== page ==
Over a book-writing career of more than three decades I have produced a number of well received books with very modest sales mainly on European and international political themes.
But never have I had a book - Brexit: How Britain Will Leave Europe (I.B.Tauris) - go through two editions in just one year. So I owe a huge debt to Prime Minister for calling his Brexit referendum to decide if we stay in or leave the European Union.
Brexit of course would be a disaster for British publishing. One of the big changes of my life is to go all over the continent to high-end bookshops, railway bookstalls, supermarkets and hotel bookshelves, where I see any number of British authors on sale both in English and in translation.
I make a point of emailing a picture of any book by a friend I see on display in German translation at Vienna Airport or in French at the Gare du Nord bookstall.
To put it politely the traffic seems to be mainly one way, with British publishers using their right to sell anywhere without let or hindrance to the single market of 500million educated customers who have been brought up to respect books. Outside the single market, with Brits losing their European citizenship with the right to live, travel and work anywhere in Europe, the easy unfettered access for anything produced or marketed from the UK would meet new obstacles.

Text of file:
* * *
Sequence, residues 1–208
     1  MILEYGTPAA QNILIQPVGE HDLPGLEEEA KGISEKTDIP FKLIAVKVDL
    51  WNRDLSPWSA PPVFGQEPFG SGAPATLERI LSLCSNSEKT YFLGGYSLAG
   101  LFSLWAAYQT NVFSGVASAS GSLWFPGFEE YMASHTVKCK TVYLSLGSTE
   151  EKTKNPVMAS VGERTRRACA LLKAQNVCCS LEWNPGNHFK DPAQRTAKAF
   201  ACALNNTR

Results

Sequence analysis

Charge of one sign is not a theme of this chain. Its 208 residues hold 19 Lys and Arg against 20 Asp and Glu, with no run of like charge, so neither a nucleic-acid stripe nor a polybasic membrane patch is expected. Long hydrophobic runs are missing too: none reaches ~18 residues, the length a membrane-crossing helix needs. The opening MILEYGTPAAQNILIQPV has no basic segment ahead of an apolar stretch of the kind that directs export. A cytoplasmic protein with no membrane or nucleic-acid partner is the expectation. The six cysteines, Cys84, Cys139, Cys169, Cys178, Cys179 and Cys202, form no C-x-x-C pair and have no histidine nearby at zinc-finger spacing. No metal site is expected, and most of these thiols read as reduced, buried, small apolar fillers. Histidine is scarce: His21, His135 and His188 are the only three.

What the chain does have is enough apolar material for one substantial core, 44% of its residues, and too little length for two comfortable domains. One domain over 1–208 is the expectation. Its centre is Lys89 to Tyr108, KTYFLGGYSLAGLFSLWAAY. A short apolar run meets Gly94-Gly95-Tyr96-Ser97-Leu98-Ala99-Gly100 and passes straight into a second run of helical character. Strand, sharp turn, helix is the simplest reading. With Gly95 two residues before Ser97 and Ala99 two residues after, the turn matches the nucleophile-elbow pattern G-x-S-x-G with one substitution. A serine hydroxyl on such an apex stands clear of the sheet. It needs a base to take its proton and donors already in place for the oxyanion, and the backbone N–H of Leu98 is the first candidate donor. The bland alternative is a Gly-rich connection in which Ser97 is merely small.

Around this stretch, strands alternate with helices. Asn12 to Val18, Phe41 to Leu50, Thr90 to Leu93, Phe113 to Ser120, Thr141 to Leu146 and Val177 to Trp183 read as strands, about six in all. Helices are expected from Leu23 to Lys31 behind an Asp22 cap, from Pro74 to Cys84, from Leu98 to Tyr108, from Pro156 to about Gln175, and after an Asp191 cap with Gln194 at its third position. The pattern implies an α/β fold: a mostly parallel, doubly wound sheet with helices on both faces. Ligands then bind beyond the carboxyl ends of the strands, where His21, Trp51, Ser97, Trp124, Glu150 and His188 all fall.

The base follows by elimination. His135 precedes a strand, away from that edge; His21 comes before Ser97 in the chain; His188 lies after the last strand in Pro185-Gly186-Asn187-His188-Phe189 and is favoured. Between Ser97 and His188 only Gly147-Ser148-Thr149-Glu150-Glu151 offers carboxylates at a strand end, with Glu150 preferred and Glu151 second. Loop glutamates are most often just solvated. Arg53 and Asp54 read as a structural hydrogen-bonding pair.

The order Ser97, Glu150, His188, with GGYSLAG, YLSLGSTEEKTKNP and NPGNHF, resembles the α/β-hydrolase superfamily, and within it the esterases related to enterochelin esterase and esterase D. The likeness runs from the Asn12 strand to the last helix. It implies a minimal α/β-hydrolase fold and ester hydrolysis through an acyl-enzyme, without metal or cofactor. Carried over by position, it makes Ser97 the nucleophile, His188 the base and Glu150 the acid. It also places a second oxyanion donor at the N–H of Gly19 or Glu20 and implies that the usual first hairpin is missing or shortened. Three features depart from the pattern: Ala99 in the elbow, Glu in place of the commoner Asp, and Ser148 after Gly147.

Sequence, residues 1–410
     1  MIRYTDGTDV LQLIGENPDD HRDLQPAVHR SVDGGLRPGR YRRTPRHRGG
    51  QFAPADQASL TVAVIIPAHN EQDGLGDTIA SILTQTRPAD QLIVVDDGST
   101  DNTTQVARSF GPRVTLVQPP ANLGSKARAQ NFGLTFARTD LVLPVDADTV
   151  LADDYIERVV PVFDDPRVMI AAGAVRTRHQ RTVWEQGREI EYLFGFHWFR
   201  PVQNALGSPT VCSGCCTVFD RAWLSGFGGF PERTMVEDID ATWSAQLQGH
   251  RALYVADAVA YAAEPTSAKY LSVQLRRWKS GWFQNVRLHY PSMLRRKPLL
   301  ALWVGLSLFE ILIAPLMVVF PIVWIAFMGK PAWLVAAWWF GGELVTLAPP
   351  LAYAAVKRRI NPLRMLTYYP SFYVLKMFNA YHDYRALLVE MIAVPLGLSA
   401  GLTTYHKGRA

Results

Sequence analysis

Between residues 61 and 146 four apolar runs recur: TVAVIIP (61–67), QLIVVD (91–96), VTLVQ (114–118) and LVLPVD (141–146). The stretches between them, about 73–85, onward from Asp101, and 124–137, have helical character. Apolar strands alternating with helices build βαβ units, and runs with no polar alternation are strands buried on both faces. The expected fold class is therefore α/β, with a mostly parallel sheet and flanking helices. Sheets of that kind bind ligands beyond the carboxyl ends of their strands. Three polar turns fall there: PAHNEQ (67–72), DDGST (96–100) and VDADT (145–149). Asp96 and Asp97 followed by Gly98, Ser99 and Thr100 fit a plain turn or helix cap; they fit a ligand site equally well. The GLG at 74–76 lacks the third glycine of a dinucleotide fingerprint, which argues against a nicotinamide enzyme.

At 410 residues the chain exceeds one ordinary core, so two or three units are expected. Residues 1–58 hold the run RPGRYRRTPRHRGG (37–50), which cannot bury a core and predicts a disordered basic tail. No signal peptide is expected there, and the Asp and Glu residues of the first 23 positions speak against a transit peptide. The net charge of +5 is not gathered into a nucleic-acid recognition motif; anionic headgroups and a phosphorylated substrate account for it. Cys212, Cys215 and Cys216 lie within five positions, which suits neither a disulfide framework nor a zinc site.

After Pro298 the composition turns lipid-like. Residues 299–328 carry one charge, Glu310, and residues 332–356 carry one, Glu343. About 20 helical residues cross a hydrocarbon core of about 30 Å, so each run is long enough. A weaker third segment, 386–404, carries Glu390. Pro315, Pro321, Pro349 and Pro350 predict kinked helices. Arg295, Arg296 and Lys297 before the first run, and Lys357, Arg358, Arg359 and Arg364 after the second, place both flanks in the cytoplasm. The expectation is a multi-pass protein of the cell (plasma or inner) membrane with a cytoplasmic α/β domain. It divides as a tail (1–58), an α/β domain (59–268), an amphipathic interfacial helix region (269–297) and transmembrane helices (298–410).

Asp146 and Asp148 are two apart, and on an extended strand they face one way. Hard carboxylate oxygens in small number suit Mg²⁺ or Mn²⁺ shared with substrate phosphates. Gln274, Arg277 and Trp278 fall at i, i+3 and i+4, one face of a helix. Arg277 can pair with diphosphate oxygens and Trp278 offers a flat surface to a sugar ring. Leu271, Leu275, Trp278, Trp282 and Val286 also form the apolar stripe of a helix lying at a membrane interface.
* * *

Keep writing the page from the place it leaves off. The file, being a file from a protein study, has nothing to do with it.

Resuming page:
On the whole, rules on copyright and payments are stricter elsewhere in the EU than chez nous. France’s Prix du Livre and the German-speaking world’s Preisbindung system may not be to the taste of ultra free-market fanatics, but I am prepared to sacrifice a little neo-liberal ideology in exchange for having good recently published books on sale in small towns, even villages, across the Channel.
My friend, Martin Schulz, the social democratic president of the European Parliament, started life running a bookshop in Germany and as long as he is around I don’t think the EU will let down publishers and booksellers.
I take pride in having urged a French publisher friend to buy Boris Johnson’s biography of Churchill even though the London Mayor’s description of Churchill as a prolific writer, drinker, rebel, or rumbustious speaker seems more an auto-portrait of Boris than a true account of Winston.
But I have a soft spot for Boris as I do for other leaders of the Brexit campaign like Michael Gove, a fine writer ,and Daniel Hannam, the Tory MEP whose anti-EU polemics are in the finest tradition of English political writing.
I also enjoy the company of Nigel Farage and the plain fact is that the Brexit camp has some great political characters. However they are wrong and I hope Britain will not opt for a new era of isolation. There are far too many people without decent jobs to add Nigel Farage and Daniel Hannam to the list. Even if Brexit is defeated Boris can spend the rest of his life rumbling against Europe and hoping that one day his Brexit dream comes true.
Denis MacShane was Europe minister under Tony Blair, and is an author.